Inspectors find improvement still needed in children’s services in the borough
OFSTED has released details of their findings from the latest monitoring visit to Wandsworth children’s services which were rated as inadequate in 2015. It is the fifth time they have visited since assessing the borough’s services as needing improvement.
The visit was undertaken in September by two inspectors Brenda McLaughlin and Marcie Taylor focusing on adoption provision. Although they acknowledged some strengths in the service they concluded that the Council was too slow in finding placements for children who are unable to live with their birth families.
Although the number of adoptions is increasing the inspectors said that it was too low partly because of ‘an underdeveloped understanding and application of early permanence through foster to adopt arrangements and a lack of consistent consideration of parallel plans for all children’.
They also say that insufficient reliable data and performance information are affecting the ability of the borough’s managers to make improvements.
An externally commissioned review in May 2017 found that young children waited too long to be placed. For example, a fifth of infants (aged 0–3 months when they became looked after) waited an average of 28 months before being placed with their adoptive families. Four adoptive
households, which had been approved in 2014–15, were still waiting to be matched with a child at the time of the review. The inspectors found that in the children looked after service, management grip on the quality of practice is not sufficiently rigorous.
They accept that a recently established monthly forum has resulted in more robust management oversight at each stage of the adoption process and that any drift in progressing plans is now being appropriately escalated to the assistant director of children’s services.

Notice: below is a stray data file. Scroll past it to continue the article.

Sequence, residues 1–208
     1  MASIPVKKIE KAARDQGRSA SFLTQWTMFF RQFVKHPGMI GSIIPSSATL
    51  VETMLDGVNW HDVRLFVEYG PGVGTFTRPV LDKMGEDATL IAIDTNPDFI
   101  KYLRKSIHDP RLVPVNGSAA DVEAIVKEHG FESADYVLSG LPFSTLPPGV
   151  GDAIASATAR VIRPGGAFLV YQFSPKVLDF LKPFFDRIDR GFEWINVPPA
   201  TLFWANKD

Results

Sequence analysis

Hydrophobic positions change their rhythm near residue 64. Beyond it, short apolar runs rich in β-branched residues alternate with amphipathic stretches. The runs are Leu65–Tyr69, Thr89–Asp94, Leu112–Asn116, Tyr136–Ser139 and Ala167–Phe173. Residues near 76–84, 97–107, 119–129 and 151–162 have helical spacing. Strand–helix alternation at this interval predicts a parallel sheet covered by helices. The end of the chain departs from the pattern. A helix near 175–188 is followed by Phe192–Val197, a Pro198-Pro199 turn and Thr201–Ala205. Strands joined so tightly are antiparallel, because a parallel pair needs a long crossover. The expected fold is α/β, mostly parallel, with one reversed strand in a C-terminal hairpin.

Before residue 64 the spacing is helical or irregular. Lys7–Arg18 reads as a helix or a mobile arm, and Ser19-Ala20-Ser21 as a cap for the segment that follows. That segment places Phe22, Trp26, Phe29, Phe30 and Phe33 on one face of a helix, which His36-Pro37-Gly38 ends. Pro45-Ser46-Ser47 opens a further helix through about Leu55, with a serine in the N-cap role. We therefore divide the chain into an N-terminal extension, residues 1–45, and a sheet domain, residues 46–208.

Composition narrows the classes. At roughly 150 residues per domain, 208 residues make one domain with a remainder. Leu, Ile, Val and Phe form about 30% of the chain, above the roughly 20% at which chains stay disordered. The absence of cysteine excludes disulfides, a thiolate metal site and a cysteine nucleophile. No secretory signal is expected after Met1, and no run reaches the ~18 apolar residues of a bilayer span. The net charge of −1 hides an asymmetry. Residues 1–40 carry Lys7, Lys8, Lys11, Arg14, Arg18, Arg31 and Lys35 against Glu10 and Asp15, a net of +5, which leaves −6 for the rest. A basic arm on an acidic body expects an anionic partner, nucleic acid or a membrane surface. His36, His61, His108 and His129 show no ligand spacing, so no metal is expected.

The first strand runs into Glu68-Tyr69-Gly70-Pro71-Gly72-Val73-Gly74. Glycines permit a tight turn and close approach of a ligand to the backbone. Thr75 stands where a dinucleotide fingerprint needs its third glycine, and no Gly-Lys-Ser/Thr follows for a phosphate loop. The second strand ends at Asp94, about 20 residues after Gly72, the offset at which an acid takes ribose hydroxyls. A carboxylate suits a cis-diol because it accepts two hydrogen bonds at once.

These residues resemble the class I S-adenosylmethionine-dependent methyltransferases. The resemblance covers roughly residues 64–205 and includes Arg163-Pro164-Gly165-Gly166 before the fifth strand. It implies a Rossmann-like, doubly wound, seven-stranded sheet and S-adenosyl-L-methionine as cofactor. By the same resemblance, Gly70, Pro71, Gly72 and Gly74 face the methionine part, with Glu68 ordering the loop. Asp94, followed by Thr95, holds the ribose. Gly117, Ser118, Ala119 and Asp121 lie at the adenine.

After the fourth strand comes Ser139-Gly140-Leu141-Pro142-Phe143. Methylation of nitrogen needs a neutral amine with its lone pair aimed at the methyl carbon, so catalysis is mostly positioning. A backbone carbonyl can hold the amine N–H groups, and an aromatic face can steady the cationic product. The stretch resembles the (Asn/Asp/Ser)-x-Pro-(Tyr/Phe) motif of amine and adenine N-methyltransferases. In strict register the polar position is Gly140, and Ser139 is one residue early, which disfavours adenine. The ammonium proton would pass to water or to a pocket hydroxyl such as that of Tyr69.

There was praise for the quality of prospective adopter reports (PARs) which were said to demonstrate considered analysis of the strengths and vulnerabilities of prospective adopters.
It was also acknowledged that the quality of social work practice with children in care is continuing to improve, particularly when social workers are permanent or have been allocated to the case for a significant time. However, some children are unable to develop trusting relationships with their social worker
due to staff turnover.
The work of the fostering service in recruiting and retaining carers was praised during the last monitoring visit in May 2017 and continues to be seen as a strength. There are currently 68 households offering 95 places in the borough.
The inspectors included that progress seen on previous monitoring visits is not yet fully reflected in achieving permanence soon enough for some vulnerable children. They said that senior leaders and staff were ‘working diligently’ to address the problems and that they conveyed ‘considerable ambition, confidence and determination to consistently improve the quality of help care and protection that they provide to children looked after’.
We have asked Wandsworth Council for a comment.
October 25, 2017